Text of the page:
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London air pollution traffic scheme now largest in Europe

Capital’s policies could prevent almost 300,000 new cases of air quality related diseases
05 January 2022 , Katie Coyne

Nitrogen oxide transport emissions in London are expected to have been reduced by 30% in 2021 due to the expanded Ultra Low Emission Zone (ULEZ) and tighter Low Emission Zone standards for heavy vehicles, according to early data from the schemes.

London’s ULEZ was expanded 18-fold at the end of October 2021, and statistics from the first four weeks of the larger scheme found the number of older, more polluting vehicles in the zone was reduced by 37% - or 47,000. Compliance with ULEZ scheme was around 92%, compared with 39% in 2017.  

The larger ULEZ scheme now covers a quarter of London and is the largest zone of its kind in Europe, including four million people.

As well as reduced nitrogen oxide levels, carbon dioxide from vehicles in the zone are expected to reduce by 5% within the first 12 months, in addition to the 6% reduction in the central London ULEZ area since 2019.

While data is only available from the first month of the expanded scheme, the Mayor’s office said the health benefits of its transport policies combined – including ULEZ and LEZ – could avoid almost 300,000 new cases of air quality related diseases, and prevent more than a million hospital admissions, saving the NHS £5bn by 2050.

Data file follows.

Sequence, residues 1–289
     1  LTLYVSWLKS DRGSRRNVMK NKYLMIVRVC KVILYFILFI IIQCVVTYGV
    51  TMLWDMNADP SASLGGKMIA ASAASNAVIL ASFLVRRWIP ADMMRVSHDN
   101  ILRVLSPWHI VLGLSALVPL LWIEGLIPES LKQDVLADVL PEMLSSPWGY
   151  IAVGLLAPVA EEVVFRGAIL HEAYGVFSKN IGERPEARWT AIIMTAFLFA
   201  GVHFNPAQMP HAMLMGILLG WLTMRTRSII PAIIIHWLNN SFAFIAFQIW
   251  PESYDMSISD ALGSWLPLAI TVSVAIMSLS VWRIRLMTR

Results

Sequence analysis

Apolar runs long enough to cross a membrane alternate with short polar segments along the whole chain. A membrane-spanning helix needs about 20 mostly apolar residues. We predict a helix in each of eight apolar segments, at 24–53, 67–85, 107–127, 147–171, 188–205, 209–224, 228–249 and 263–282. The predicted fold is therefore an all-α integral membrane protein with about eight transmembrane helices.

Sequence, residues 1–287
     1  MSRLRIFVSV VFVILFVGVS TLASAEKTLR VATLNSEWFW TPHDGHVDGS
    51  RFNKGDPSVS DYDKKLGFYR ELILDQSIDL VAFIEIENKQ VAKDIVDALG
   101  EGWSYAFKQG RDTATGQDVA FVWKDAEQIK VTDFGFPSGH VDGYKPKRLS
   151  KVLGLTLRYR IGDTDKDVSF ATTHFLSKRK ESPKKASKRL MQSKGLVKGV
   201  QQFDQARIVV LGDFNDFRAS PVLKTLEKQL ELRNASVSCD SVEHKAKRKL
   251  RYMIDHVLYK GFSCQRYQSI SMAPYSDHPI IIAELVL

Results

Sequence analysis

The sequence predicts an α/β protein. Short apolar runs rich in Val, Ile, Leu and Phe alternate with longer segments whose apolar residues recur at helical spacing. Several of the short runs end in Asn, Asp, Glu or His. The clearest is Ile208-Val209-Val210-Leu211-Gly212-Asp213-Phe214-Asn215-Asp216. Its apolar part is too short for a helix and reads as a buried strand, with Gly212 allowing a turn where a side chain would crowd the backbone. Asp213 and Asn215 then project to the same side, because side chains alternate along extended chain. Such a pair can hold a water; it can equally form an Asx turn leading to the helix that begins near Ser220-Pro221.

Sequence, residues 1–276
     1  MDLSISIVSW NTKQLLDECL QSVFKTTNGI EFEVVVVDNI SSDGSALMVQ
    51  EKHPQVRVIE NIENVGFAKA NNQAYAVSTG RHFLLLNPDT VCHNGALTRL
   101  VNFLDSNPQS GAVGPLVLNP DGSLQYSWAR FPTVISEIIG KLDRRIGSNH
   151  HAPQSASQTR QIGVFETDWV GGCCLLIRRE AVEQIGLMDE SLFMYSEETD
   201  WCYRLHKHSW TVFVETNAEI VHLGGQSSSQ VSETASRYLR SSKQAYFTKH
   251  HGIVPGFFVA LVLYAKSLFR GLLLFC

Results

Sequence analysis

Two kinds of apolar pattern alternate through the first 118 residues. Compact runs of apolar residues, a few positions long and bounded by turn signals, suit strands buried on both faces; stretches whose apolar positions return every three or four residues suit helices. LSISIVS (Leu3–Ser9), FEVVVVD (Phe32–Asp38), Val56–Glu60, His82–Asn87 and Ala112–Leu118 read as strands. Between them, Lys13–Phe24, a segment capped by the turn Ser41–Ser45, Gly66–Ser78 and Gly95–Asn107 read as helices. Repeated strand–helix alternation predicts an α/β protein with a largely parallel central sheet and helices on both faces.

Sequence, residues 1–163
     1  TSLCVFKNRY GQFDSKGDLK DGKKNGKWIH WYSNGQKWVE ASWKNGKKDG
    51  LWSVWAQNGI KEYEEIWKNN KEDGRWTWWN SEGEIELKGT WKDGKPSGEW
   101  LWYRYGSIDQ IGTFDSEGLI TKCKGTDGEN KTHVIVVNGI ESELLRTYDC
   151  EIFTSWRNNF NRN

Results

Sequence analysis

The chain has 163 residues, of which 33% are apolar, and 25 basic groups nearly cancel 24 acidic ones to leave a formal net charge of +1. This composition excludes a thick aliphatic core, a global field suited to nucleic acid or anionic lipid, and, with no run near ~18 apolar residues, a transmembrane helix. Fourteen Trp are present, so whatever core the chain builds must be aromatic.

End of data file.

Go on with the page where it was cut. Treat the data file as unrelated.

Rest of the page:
“The next step must be to roll ULEZ out to the M25, to protect all of London from the dangerous and deadly health impacts of air pollution. We all have a right to breathe clean air." 

Rosamund Adoo-Kissi-Debrah, WHO BreatheLife ambassador and founder of the Ella Roberta Family Foundation said: "A year ago, the coroner's inquest into my daughter's death found that Ella's worst asthma attacks coincided with spikes in air pollution, mostly from polluting vehicles near our home.

“The experts who spoke at the inquest recommended expanding London's ULEZ in order to prevent future deaths like Ella's. These numbers show that ULEZ is already delivering benefits. Fewer polluting vehicles on the road means fewer hospitalisations, lower health care costs and healthier Londoners.

“The next step must be to roll ULEZ out to the M25, to protect all of London from the dangerous and deadly health impacts of air pollution. We all have a right to breathe clean air." 

Transport for London’s Director of City Planning, Alex Williams said: “Every driver and business who has made the switch to cleaner vehicles is playing their part in combatting toxic air pollution. These environmental and health benefits are not only felt in the capital but across the UK.” 

Mark Watt executive director of C40 Cities – a global network of mayors taking action on climate change – said: “This is a symbol of the scale and speed of action we need to take across the world, in all sectors. For too long we’ve had people dither and delay – arguing tackling toxic air in any meaningful way was too difficult.

“What the mayor of London has shown is that with the right determination and leadership, change is possible and that businesses and the public at large are willing to make the necessary changes to breathe cleaner air."

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